Saturday, 3 August 2013

The quilt that asked to be made

Have you ever had a quilt that asked to be made?

'What is she talking about?' I hear you say, 'talking rubbish again!' And until April I would have agreed with you. But this particular quilt asked, no - begged, to be made.

Hazel and I had run a couple of classes on wax and starch resist and other surface design techniques for our Inspiration to Stitch students. In order to have plenty of inspirational samples we had had a play day where we prepared lots of fabric ourselves. We prepared so much that ended up finishing some of mine off at C2C (when I was supposed to be focusing on my own work) by colouring one side pale blue and the other pale brown. I justified spending the time on 'teaching samples' because these fabrics were in coast-inspired colours.

It was as I was washing out the fabric that the quilt demanded to be made. The fabric said: 'I'd look great cut up into squares and pieced back together.' The marks were mainly circles and lines, so they all coordinated very well. Once they were dry it didn't take long to find several fabrics from my stash which complemented the resist fabrics, and the quilt virtually made itself. This is the benefit of becoming really familiar with your theme - you begin to internalise the colours, textures, lines and shapes, so that you just can't help producing work that belongs together.
Full Circle 

As you can see I used several sizes of square and rectangle to showcase some of the fabrics and add variety to the piecing. Once it was pieced the brown circle was monoprinted on using a large sheet of plastic (and nerves of steel!). Then the whole lot was machine quilted - following the circle and with a simple grid over the rest of the quilt. The next step was to block it as the circular quilting has skewed the top somewhat. This is the first time I have ever blocked a quilt; I usually find that liberal application of a steam-iron does the job, but this one needed more. Perfectly square and flat, I gave it a faced binding and sent it off to the Festival of Quilts last week.

Soy-wax and starch resist is great fun and eventually Hazel and I got to the stage where we were searching for more fabric to 'treat', having run out of plain white fabric. So I have a whole range of colourways ready for new quilts and hangings (and overdue journal quilts) - just need to get organised!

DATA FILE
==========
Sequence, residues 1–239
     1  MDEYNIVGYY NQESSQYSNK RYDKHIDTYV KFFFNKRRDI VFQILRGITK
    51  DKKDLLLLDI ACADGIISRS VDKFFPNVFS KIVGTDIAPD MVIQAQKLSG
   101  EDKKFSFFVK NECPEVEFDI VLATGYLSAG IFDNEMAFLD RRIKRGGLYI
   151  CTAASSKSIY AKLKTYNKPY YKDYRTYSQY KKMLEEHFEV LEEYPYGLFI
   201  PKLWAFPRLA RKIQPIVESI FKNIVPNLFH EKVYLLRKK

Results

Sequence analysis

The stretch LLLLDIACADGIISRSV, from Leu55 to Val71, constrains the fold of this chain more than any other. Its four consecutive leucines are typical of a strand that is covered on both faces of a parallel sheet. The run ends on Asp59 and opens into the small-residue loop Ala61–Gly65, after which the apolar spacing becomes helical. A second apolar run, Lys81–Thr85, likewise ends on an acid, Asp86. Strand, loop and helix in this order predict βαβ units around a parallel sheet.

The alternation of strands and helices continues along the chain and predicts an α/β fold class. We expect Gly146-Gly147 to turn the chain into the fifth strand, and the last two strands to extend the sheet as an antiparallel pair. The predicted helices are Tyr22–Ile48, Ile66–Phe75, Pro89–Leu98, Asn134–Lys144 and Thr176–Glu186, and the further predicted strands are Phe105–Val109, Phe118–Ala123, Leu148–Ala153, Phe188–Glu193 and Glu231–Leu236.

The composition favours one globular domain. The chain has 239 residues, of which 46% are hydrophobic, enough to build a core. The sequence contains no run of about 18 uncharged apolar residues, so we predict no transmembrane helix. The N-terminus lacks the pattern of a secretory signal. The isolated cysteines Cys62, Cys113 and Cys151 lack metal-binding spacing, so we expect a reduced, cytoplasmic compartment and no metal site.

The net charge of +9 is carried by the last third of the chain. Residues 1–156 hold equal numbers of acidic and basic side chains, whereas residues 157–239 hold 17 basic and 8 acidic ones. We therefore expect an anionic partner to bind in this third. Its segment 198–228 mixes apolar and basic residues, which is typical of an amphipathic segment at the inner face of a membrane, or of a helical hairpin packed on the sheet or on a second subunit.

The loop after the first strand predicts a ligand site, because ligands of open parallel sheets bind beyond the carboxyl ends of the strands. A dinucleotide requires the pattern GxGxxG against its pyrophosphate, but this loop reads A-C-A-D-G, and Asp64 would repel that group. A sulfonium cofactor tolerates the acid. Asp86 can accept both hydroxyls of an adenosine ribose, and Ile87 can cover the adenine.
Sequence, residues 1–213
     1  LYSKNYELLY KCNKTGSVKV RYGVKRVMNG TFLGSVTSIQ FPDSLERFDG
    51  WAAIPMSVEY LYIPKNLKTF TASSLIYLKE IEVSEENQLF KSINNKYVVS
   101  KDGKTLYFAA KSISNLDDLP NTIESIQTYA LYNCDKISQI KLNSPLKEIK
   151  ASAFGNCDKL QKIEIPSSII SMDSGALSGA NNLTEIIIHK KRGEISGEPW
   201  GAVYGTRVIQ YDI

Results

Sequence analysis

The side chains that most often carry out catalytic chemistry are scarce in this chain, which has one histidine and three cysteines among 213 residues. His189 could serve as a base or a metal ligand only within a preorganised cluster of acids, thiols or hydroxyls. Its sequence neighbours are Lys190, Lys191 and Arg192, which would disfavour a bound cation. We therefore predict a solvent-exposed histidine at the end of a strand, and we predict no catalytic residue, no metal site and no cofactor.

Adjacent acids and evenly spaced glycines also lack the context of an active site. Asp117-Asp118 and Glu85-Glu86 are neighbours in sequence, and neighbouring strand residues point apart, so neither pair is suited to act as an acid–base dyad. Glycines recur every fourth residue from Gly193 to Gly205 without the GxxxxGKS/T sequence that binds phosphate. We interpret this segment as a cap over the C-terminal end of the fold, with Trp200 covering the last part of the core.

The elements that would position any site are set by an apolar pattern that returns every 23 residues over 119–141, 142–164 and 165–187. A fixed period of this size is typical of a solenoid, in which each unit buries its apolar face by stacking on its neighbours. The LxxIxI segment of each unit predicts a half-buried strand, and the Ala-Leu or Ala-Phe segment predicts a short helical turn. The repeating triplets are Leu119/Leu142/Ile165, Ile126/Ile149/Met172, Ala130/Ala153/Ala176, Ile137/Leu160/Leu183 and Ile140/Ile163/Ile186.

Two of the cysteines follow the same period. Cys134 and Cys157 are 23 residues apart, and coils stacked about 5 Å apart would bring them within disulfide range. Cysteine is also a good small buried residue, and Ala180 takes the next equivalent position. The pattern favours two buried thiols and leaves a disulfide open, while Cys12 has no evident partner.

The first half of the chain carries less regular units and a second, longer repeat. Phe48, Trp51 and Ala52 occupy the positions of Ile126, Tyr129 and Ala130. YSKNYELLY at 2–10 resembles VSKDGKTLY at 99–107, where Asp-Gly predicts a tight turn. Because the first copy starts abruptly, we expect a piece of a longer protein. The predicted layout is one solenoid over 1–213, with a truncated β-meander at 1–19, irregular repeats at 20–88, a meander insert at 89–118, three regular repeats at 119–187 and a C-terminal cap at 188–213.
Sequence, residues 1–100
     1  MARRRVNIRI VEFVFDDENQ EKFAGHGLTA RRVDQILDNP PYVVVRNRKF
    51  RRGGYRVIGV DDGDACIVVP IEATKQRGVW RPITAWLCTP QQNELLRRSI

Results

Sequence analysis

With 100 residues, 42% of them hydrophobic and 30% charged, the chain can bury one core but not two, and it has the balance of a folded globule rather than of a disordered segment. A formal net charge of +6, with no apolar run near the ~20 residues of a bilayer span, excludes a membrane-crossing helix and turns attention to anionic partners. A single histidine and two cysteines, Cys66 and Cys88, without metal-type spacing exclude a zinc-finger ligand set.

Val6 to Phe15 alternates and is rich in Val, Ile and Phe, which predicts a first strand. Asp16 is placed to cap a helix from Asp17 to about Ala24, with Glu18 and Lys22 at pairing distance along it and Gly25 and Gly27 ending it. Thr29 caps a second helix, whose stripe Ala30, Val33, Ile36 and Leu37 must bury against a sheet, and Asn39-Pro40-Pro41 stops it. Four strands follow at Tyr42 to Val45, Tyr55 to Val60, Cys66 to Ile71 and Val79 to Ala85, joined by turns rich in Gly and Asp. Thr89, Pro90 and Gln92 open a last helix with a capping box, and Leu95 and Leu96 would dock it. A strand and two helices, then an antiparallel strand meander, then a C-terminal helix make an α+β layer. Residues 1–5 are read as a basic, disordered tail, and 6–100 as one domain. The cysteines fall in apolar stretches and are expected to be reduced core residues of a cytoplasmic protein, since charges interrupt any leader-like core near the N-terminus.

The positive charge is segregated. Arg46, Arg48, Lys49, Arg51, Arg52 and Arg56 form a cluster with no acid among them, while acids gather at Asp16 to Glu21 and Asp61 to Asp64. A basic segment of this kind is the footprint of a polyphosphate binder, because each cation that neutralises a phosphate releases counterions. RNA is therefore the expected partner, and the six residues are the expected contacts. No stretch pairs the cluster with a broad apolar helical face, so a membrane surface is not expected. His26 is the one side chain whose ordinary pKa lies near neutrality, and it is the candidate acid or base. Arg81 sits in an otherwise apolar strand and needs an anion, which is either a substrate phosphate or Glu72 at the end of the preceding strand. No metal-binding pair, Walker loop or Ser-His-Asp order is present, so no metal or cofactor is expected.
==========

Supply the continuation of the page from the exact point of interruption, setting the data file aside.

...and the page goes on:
Friday, 12 July 2013

The last three weeks . . .

. . . have been hectic but exciting.

It all started with a phone call from Grosvenor, who run the National Quilt Championships in Sandown,  to say that my quilt All that Remains II had won not only the Theme category (A Touch of Yellow) but also Best Art Quilt and also Best in Show!! I was speechless.

So that was on 23rd June. The following weekend we had our last ever C&G student exhibition at Odiham - of which more later - but in between I had to finish a quilt for Contemporary Quilt's Horizons challenge (deadline 1st July). Normal service has resumed, and as usual I had left the majority of the work to the last minute. The quilt in question is the third in the series of the seascape quilts. These are wholecloths, with dye-painted and printed fabric, some machine stitch and lots of hand stitch for texture. Hand stitch, unfortunately, takes ages! And once started has to be done evenly across the whole surface, otherwise distortion ensues.

So on Sandown weekend I still had approximately half of the surface to stitch. I sewed all day on the Saturday, and then till the early hours on Tuesday and Wednesday night. The final stitch went in at 3.30am on Thursday morning!

We hung the C&G exhibition on Thursday. A couple of students had had similarly late nights, but the work looked amazing and fitted the rooms at Odiham perfectly. Alongside the C&G work we displayed some of the books and sample pieces made by our first Inspiration to Stitch students, and they also put on a very good show.